Coaching Paired With Training
- “Xerox Corporation carried out several studies on coaching. They determined that in the absence of follow-up coaching to their training classes, 87% of the skills change brought about by the program was lost." -- Business Wire, July 30, 2001
- “A study featured in Public Personnel Management Journal reports that managers (31) that underwent a managerial training program showed an increased productivity of 22.4%. However, a second group was provided coaching following the training process and their productivity increased by 88%. Research does demonstrate that one-on-one executive coaching is of value.” - by F. Turner, Ph.D. CEO Refresher 2001
Coaching & Sales Professionals
Michigan-based Triad Performance Technologies, Inc. studied and evaluated the effects of a coaching intervention on a group of regional and district sales managers within a large telecom organization. The third party research study cites a 10:1 return on investment in less than one year.
The study found that the following business outcomes were directly attributable to the coaching intervention:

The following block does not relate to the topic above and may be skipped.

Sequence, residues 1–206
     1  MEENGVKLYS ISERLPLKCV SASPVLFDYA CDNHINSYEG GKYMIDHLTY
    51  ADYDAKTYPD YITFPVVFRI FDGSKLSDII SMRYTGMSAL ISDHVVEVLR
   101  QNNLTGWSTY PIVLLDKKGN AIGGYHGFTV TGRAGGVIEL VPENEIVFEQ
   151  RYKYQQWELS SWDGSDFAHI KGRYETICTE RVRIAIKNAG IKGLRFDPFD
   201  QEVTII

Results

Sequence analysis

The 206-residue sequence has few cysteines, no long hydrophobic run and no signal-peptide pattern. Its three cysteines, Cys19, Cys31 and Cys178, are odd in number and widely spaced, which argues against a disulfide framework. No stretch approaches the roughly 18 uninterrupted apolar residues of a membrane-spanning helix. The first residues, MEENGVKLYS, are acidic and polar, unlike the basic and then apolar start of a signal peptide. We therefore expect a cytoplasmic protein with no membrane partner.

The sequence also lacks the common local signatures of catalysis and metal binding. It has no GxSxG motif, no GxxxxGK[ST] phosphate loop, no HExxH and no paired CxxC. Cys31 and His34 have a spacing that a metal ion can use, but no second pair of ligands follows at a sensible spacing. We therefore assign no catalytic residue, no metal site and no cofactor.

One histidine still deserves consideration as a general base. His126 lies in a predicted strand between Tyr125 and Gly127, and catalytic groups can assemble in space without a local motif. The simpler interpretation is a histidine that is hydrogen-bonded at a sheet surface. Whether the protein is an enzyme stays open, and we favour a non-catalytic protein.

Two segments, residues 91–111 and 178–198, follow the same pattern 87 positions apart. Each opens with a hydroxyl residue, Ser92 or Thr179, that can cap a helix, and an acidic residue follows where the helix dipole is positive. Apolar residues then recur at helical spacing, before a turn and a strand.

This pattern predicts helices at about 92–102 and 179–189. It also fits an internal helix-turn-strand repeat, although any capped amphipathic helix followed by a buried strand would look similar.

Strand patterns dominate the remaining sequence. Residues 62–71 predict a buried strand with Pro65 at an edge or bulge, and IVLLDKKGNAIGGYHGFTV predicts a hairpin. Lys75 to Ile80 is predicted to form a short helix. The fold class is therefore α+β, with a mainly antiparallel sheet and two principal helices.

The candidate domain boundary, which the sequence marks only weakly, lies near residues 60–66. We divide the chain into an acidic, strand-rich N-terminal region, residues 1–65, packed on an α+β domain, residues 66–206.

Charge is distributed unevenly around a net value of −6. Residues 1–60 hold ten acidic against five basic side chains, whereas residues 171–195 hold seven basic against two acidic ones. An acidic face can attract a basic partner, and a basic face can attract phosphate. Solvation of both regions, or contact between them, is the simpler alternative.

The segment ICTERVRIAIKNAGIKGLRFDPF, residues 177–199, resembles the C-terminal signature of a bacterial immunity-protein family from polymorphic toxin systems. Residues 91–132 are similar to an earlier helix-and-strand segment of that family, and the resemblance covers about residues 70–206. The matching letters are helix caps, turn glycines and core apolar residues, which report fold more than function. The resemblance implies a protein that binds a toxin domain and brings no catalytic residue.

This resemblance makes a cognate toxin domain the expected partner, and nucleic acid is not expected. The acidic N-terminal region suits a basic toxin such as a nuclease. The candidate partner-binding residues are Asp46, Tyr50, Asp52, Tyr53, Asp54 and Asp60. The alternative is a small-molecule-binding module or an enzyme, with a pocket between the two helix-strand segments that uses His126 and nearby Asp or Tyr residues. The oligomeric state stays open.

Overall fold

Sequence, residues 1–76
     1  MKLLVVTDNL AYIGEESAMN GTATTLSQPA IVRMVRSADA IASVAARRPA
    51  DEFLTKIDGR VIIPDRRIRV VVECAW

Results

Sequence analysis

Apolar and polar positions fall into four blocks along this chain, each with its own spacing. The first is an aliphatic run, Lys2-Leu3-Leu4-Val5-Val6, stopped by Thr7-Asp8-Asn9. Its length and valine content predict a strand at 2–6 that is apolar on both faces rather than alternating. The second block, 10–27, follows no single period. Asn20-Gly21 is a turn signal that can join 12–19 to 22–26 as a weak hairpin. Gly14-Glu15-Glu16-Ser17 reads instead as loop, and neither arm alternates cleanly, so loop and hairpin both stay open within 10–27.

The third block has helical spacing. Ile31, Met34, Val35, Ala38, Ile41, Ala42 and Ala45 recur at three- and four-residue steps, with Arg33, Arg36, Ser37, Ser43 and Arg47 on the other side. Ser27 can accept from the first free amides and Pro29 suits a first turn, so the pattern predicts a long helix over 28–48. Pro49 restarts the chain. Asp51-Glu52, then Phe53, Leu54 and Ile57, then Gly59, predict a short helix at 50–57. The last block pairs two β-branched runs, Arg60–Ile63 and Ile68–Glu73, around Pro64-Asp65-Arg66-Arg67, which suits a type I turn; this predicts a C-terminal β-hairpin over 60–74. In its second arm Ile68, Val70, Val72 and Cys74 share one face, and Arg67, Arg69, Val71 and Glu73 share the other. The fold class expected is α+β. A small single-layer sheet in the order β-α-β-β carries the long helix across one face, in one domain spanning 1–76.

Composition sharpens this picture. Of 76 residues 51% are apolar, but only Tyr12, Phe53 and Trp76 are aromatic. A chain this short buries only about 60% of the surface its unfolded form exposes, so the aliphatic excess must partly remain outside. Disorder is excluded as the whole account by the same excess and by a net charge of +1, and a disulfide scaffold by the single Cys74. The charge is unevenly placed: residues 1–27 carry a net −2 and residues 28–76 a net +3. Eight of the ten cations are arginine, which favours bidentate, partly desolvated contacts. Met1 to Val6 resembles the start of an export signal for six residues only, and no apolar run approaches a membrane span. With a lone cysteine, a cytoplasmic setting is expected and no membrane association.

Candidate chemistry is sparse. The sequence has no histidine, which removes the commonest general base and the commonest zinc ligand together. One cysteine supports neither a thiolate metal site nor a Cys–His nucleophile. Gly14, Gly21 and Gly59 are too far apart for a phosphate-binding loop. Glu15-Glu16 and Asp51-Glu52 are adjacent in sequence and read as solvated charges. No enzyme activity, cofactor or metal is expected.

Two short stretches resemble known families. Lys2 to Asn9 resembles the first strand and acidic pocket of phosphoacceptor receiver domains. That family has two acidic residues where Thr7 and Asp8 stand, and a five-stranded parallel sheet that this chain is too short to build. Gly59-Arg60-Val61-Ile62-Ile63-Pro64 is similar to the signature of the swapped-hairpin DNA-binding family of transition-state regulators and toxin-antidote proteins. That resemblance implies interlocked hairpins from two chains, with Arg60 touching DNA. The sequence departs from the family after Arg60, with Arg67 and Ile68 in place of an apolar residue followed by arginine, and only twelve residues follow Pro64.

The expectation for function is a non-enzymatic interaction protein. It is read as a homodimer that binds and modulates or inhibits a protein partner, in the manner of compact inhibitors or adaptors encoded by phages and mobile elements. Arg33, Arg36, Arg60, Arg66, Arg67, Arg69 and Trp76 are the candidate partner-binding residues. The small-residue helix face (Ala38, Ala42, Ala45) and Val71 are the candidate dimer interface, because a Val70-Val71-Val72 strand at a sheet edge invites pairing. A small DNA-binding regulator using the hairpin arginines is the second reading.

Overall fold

- Top performing staff, who were considering leaving the organization, were retained, resulting in reduced turnover, increased revenue, and improved customer satisfaction.
- A positive work environment was created, focusing on strategic account development and higher sales volume.
- Customer revenues and customer satisfaction were improved due to fully staffed and fully functioning territories.
- Revenues were increased, due to managers improving their performance and exceeding their goals.
Is coaching a fad? Who should have access to coaching?
Research by the Chartered Management Institute and Campaign for Learning - "Coaching at Work". Results issued in a press release dated 16th May 2002:
- 80% of executives say they think they would benefit from coaching at work and dismiss the suggestion that coaching is just another fad
- Virtually all managers (96%) think coaching should be available to every employee, regardless of seniority